A small town downtown with brick-fronted buildings. On the corners are benches and old fashioned light poles.

What counts as rural?

When I share the Survey of Rural Challenges with people, about half the time someone will ask, “How do you define rural?” I don’t.

I let you decide if you’re rural.

Whether you live in the US, Australia, New Zealand, the UK or another country, we all face some common challenges. In those different countries, different states and territories can have their own definitions of rural places or small towns, usually just by population or geography. In the US, rural is what’s left over as “not urban.” Nothing is quite so unflattering as being the left-overs.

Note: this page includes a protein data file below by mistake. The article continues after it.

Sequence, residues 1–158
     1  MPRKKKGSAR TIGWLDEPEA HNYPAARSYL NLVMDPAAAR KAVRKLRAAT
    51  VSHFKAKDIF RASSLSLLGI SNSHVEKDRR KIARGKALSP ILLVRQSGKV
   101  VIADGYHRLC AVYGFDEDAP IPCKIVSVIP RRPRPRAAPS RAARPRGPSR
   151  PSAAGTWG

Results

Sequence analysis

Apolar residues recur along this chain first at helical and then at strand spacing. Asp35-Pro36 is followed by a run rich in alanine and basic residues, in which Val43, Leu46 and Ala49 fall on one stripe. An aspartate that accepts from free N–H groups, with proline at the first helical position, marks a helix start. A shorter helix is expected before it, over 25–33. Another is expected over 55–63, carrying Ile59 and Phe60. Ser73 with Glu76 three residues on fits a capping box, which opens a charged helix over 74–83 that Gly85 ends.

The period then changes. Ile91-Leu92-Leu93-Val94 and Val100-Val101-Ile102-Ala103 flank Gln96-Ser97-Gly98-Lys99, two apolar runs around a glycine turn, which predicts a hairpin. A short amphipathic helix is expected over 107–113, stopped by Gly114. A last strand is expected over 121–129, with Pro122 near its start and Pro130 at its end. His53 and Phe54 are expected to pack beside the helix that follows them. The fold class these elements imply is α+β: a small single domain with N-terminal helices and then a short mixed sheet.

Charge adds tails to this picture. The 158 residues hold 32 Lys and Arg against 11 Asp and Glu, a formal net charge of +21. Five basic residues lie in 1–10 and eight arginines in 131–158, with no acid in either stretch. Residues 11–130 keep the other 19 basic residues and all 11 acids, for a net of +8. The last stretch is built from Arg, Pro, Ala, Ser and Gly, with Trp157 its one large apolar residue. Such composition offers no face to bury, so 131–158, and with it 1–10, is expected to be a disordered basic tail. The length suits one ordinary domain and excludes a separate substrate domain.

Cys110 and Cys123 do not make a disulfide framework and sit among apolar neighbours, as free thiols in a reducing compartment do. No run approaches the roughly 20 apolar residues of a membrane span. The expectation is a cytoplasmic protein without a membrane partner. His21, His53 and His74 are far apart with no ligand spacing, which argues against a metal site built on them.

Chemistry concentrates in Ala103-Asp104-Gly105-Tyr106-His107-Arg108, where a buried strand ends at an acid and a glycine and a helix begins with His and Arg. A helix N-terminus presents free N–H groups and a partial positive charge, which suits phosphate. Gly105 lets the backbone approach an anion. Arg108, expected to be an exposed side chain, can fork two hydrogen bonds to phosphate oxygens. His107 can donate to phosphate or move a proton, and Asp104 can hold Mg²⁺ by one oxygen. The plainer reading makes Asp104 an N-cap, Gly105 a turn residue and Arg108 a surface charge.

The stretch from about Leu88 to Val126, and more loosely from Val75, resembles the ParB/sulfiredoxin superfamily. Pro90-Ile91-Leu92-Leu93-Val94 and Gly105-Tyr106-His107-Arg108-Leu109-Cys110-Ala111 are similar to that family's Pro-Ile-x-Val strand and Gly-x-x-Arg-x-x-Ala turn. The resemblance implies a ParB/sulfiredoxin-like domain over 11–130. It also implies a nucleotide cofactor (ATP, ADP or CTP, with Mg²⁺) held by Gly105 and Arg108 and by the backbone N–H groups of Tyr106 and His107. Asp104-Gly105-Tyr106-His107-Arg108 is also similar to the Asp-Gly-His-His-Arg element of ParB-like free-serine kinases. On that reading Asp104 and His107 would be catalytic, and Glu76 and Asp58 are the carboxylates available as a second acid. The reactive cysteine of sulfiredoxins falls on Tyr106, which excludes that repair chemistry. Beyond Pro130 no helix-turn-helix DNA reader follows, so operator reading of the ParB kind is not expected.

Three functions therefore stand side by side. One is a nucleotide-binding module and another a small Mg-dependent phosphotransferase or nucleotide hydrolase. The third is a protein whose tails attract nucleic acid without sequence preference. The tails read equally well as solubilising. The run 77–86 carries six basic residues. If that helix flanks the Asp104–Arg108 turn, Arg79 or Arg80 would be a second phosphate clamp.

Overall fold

Numbers don’t tell the whole story. A city of 100,000 can seem small, and a town of 10,000 can seem urban. A big city is usually a collection of neighborhoods that can feel like small towns.

Deb and I run all our ideas through a filter: would this idea work in a town of 300 people? Could you scale this idea up in a larger town, maybe 10,000? It has to work in both cases before we share it. And we’re always looking for examples from towns under a thousand.

If you think you’re rural, we do too. We invite you to take the Survey of Rural Challenges and spread the link https://saveyour.town/survey2022 in your newsletter, social media, emails to friends or your local newspaper and radio. 

Keep shaping a better future for your town,